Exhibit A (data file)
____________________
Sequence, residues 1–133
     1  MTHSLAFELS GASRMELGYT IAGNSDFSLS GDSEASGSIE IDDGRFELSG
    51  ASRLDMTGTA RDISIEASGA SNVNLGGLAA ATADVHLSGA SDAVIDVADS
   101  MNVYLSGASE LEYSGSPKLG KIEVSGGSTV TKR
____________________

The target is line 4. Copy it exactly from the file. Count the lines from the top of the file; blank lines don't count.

   101  MNVYLSGASE LEYSGSPKLG KIEVSGGSTV TKR